The Senate is poised to approve a $2tn economic stimulus measure, leaving millions of Americans to wonder what’s in it for them.
Mr Moss was answering a reporter’s questions about how he paid his league-issued fines when he stepped out of line, as he was known to do. But what Senate Democrats and Trump administration officials worked out includes direct payments for Americans that are intended to help them cope with possible lost jobs and wages due to the pandemic.
Bars, restaurants, gyms and other businesses have been forced to close by local officials eager to staunch the spread of the highly contagious bug. That has left hundreds of thousands of Americans out of work, with an expected devastating jobs report due from the Labor Department later this week.
“At last, we have a deal,” Senate Majority Leader Mitch McConnell said in the wee hours of Wednesday morning. “After days of intense discussions, the Senate has reached a bipartisan agreement on a historic relief package for this pandemic.”
After the deal was on-and-off-and-on again during two days of homestretch negotiations that featured a bevy of barbs between Republicans and Democrats, Senate Minority Leader Chuck Schumer said his side “rather than accept such a fundamentally flawed, partisan bill, Senate Democrats have been working hard on a bipartisan bill with Treasury Secretary Steven Mnuchin and President Trump,” adding: “I am pleased to report that our hard work has paid off.”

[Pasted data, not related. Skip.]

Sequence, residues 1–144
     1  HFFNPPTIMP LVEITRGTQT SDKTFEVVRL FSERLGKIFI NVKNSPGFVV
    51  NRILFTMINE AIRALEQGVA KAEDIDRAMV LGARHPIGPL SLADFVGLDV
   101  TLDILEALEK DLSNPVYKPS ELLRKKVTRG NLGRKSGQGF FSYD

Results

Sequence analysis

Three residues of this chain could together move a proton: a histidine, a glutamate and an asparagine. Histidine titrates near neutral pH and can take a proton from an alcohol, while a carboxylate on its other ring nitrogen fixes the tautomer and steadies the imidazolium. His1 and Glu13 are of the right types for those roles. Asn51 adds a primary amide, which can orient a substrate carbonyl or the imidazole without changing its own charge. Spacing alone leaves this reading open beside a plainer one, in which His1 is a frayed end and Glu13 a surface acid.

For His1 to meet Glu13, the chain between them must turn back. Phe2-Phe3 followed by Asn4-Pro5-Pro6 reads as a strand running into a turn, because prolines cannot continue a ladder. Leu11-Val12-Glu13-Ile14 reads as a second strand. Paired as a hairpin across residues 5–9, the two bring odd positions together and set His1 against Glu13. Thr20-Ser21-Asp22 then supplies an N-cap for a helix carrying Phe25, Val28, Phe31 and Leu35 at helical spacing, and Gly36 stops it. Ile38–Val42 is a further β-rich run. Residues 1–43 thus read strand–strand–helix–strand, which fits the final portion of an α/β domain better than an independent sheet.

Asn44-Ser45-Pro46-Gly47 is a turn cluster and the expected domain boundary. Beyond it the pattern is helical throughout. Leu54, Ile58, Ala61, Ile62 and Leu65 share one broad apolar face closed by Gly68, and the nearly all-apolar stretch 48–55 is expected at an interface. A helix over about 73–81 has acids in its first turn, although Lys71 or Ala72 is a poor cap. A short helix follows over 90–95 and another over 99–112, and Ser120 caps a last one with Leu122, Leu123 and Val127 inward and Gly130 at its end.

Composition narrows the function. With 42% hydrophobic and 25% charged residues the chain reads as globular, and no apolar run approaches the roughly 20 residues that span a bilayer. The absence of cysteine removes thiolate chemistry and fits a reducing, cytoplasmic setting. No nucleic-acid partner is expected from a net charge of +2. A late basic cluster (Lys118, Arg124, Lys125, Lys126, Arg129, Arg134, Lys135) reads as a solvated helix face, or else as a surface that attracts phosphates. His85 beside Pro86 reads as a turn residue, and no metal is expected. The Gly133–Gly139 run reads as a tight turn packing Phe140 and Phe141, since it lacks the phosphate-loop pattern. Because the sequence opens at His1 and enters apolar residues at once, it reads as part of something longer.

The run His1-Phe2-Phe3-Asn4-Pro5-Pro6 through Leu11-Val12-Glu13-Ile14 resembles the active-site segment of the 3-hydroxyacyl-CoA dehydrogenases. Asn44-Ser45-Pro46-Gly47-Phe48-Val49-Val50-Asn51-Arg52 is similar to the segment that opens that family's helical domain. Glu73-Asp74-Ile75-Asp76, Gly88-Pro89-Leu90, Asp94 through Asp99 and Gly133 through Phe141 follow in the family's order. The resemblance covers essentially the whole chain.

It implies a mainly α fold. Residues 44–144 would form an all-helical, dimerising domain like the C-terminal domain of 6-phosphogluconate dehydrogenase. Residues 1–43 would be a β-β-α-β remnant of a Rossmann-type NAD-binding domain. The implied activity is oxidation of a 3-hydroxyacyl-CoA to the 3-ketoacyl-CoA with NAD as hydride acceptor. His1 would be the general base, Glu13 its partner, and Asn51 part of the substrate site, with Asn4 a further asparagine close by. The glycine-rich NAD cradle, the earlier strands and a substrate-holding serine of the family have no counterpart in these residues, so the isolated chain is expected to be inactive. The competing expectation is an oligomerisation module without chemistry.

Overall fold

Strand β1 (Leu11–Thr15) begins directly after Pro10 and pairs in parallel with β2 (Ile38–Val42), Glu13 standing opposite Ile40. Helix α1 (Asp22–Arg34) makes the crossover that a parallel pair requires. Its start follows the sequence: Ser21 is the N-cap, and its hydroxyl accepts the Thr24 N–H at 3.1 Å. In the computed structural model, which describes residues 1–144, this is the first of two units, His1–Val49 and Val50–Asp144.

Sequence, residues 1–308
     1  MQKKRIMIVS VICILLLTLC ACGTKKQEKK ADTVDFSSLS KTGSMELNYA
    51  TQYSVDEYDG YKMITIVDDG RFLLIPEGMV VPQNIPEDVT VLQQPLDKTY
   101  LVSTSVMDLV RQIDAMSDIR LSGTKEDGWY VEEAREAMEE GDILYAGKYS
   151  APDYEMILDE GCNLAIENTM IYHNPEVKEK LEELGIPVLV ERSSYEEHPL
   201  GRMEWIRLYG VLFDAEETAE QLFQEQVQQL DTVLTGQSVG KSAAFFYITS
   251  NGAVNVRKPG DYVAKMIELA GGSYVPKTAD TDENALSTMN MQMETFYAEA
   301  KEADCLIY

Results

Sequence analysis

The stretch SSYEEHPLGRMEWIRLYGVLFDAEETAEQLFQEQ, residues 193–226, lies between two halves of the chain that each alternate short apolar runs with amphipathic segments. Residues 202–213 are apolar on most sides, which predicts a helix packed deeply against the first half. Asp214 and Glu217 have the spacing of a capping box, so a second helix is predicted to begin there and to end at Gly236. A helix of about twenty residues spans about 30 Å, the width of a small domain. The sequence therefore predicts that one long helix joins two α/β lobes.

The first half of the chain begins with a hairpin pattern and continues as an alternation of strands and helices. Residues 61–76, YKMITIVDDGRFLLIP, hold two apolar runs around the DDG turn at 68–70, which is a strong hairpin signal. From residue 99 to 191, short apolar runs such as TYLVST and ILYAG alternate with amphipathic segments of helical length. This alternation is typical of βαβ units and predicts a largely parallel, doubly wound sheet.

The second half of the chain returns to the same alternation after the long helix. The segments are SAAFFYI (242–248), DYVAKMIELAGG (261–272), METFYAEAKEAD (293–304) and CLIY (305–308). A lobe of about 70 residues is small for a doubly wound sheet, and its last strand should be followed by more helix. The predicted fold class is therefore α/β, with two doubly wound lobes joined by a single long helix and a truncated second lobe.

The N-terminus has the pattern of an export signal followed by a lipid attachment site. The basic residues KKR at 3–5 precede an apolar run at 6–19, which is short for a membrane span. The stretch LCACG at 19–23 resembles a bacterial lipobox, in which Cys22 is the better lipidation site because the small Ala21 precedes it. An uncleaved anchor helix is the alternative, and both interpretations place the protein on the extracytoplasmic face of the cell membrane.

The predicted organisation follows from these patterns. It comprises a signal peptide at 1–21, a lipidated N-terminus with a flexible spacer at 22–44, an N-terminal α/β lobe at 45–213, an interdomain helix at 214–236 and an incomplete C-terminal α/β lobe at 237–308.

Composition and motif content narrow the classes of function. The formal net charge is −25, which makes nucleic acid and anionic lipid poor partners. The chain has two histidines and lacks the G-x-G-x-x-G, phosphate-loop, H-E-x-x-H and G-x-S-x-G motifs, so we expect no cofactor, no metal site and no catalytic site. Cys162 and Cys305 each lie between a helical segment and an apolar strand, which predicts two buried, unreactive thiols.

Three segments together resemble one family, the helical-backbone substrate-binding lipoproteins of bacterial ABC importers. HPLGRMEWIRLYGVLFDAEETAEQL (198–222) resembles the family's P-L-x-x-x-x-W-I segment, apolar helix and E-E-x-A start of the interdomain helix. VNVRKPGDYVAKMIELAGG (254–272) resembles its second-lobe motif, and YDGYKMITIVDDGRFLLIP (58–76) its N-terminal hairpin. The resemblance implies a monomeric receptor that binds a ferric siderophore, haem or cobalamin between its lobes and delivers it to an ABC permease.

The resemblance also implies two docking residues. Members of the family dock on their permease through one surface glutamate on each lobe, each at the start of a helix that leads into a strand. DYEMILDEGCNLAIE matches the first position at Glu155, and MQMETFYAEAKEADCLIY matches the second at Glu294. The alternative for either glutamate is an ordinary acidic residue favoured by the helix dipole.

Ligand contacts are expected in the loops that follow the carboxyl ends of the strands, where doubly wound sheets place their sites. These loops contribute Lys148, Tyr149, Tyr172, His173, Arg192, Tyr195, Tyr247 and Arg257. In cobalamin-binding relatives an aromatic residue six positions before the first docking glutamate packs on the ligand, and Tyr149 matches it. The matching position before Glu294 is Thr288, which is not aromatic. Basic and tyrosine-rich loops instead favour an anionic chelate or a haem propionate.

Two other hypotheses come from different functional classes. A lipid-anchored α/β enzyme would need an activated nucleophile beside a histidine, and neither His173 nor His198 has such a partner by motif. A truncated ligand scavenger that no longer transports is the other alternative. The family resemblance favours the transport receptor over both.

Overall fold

Here’s what Americans can expect once the bill gets to Donald Trump‘s desk. His top spokeswoman said he will sign it into law.
Direct payments: Those who make less than $75,000 annually are set to receive payments of $1,200, with children in qualifying households garnering those families $500 more each.
Business loans: Own a small business? There is a fund included in the measure that would provide small companies some help to get through the pandemic. That account would get $367bn.
Hospital help: Schumer said in a statement that the final deal includes $150bn for hospitals, emergency equipment and items for medical workers. Of that amount $100bn. The Democratic leader crowed that his side secured additional funding during this week’s closed-door talks, but a senior Republican aide disputed that, saying: “There was always going to be tens and tens of billions for our hospitals in the [deal]. Senator Schumer’s attempt to take credit for an increase in hospital aid is nonsensical because there was no opposition.”
“Unemployment insurance on steroids”: That’s how Mr Schumer described aid monies to boost unemployment benefits. The compromise package would boost unemployment insurance by $600 each week for four months. That’s well beyond the Easter target Mr Trump has for reopening the country